Murray (clipper ship).jpg
Clipper The Murray, circa 1863
  • 1861: The Murray
  • 1880: Freia
Port of registry
BuilderAlexander Hall & Co, Aberdeen
Yard number222
Launched25 May 1861
Maiden voyageJuly 1861
FateWrecked 1884
General characteristics
Length193.7 ft (59.0 m)
Beam33.2 ft (10.1 m)
Depth20.2 ft (6.2 m)
Sail planfull rig

The Murray was a three-masted clipper ship that was built in Scotland in 1861 and lost off the coast of Sweden in 1884. For nearly 20 years the Orient Line sailed her between London and South Australia.[1] In 1880 Norwegian owners bought her and renamed her Freia.


The Murray was the first ship built for the packet service of James Thompson & Co. of London, better known as the Orient Line. She was the last of their ships to be built entirely of wood. Alexander Hall & Co built her in Aberdeen. Her registered length was 193.7 ft (59.0 m), her breadth was 33.2 ft (10.1 m) and her depth was 20.2 ft (6.2 m). Her tonnages were 1,019 tons BM and 902 GRT. She was launched on 25 May 1861.[2]

Thompson registered The Murray at Aberdeen. Her United Kingdom official number was 29788 and her code letters were QHCT.[3]

Career as The Murray

Her first master was the highly regarded Captain John Legoe, whose wife named her The Murray. She sailed from Gravesend on her first voyage to Australia in July 1861.[4]

She carried both passengers and cargo, making very fast times. In 1863 she left Plymouth on 15 July and arrived at Adelaide on 26 September, making the entire journey in 73 days, equal to the 1860 record of Yatala,[5] considered the fastest on the route until the advent of Torrens.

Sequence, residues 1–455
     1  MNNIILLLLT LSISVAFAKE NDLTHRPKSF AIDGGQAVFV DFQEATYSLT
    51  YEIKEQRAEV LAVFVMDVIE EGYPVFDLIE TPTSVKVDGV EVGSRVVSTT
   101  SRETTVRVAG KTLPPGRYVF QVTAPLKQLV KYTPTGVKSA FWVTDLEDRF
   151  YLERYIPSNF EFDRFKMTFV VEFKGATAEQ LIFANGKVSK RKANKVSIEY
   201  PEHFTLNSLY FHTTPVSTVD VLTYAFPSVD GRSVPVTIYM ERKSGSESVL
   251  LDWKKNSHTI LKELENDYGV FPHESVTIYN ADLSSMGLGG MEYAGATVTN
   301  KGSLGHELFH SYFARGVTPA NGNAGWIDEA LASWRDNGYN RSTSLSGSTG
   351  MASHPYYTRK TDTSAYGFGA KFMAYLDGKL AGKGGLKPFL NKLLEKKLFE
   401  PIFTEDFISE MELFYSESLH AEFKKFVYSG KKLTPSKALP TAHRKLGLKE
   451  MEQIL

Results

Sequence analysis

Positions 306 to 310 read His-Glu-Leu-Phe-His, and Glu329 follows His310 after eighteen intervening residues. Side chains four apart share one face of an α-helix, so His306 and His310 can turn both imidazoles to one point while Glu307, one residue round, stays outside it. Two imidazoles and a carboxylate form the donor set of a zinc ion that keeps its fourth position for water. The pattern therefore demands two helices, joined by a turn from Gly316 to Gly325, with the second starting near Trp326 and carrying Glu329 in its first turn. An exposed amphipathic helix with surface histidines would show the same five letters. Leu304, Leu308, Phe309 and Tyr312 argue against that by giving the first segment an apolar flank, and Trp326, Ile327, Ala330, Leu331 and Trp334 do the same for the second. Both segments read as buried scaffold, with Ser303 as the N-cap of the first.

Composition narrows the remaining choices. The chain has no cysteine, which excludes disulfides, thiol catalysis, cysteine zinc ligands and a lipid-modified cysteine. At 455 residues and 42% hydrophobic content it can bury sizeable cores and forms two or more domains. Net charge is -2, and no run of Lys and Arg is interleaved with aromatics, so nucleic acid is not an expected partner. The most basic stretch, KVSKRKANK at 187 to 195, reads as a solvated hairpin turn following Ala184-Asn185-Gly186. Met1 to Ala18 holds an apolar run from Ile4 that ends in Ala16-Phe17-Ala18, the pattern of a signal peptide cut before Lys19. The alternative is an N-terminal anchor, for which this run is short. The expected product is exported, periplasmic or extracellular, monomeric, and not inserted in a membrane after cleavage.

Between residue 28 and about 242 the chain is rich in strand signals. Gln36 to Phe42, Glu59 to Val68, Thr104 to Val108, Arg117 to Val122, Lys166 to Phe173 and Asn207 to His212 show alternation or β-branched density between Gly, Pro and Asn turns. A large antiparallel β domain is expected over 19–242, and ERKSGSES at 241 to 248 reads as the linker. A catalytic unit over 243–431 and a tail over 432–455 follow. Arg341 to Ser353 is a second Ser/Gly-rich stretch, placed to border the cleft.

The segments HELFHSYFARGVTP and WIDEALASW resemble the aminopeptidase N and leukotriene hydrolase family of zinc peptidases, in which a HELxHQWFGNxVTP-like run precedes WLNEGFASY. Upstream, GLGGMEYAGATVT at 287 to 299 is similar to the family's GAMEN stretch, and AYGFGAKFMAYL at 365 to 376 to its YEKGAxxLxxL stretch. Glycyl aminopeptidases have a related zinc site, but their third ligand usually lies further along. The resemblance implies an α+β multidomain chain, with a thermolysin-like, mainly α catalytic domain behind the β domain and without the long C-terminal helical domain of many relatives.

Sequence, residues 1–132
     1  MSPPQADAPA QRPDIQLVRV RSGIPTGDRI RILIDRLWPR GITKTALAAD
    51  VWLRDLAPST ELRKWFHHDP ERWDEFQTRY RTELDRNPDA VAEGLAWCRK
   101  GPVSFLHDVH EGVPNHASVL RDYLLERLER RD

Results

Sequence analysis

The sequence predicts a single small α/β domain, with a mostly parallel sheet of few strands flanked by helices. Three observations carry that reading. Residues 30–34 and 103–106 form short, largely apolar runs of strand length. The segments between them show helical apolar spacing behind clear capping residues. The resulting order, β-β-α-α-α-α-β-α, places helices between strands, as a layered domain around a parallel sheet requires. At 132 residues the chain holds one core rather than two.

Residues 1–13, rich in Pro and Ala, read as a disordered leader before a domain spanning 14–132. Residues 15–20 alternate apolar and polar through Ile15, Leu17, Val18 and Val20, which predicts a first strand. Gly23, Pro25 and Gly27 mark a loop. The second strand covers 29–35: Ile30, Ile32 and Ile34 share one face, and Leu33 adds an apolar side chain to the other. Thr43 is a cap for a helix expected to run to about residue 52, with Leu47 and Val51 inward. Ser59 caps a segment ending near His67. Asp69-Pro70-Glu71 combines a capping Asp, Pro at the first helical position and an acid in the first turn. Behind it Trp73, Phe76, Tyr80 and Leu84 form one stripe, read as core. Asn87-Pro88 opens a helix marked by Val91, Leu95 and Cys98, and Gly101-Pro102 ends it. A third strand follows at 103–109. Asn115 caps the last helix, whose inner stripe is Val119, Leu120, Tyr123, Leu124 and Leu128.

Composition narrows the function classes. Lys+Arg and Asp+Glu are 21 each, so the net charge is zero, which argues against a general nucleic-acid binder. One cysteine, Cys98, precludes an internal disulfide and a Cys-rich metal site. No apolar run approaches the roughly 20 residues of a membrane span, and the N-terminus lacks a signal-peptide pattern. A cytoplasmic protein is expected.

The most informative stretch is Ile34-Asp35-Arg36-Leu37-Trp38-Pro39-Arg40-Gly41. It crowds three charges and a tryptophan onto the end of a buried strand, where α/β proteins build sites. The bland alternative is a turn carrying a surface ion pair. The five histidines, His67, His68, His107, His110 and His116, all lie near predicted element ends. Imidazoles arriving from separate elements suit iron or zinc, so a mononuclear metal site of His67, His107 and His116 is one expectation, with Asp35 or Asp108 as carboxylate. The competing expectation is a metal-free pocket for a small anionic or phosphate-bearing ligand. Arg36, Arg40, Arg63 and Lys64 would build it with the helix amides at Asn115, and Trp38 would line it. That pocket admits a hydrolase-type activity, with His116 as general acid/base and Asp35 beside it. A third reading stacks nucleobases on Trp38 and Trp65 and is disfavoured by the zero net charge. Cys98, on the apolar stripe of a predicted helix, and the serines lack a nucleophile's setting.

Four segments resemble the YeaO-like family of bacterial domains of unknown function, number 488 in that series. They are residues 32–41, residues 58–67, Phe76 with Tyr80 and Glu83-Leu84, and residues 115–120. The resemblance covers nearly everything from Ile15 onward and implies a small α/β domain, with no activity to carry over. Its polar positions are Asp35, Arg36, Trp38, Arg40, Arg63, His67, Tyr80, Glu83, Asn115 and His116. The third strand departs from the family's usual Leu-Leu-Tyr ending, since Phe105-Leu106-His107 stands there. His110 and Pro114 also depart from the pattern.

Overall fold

Captain Legoe, previously of Celestial, was succeeded by James Norval Smart in 1867, William Begg 1869–1872, previously of Sebastian and Coonatto, and Thomas L Wadham 1874–1876.

On the night of 26 May 1870 in mid-Atlantic between Brazil and West Africa, a lookout aboard The Murray saw a ship on fire, and Begg made towards it. It was the Italian barque Mannin Barabino, out of Genoa bound for the River Plate (Puerto Rico) with a cargo of spirits. The fire had started in the galley and swiftly engulfed the ship; the ship's boat was lowered but was soon overloaded and capsized, and the few survivors managed by clinging to the upturned boat or floating spars, and more than 120 were lost by fire or drowning.[6] Captain Begg was awarded a silver medal by the Italian government for his part in the rescue.[citation needed]

Career as Freia

In 1880 OL Roed of Norway bought The Murray, renamed her Freia and registered her in Tønsberg.[2]

In December 1884 Freia sailed from North Shields in England with a cargo of coal for Vrengen in Norway. She was wrecked on the Koster Islands off the west coast of Sweden and lost with all hands.[2]

The Murray in art

The National Maritime Museum in Greenwich, London holds a lithograph Clipper Ship 'The Murray' (1861) by Thomas Goldsworthy Dutton.

Some other clippers on the route between England and South Australia


  1. ^ "Some famous Clipper Ships of Olden Days". The Observer. Vol. LXXVIII, no. 5, 841. Adelaide. 1 January 1921. p. 26. Retrieved 5 April 2017 – via Trove. This reference points out that her name is The Murray, not Murray.
  2. ^ a b c "The Murray". Scottish Built Ships. Caledonian Maritime Research Trust. Retrieved 25 May 2022.
  3. ^ Mercantile Navy List. London. 1879. p. 425. Retrieved 24 May 2022 – via Crew List Index Project.
  4. ^ "Shipping". The Age. No. 2, 121. Melbourne. 12 August 1861. p. 4. Retrieved 3 April 2017 – via Trove.
  5. ^ "Well-known Clippers". The Register. Vol. XCIII, no. 27, 030. Adelaide. 3 April 1928. p. 11. Retrieved 10 April 2017 – via Trove.
  6. ^ "A ship on fire". The Express and Telegraph. Adelaide. 12 July 1870. Retrieved 10 April 2017 – via Trove.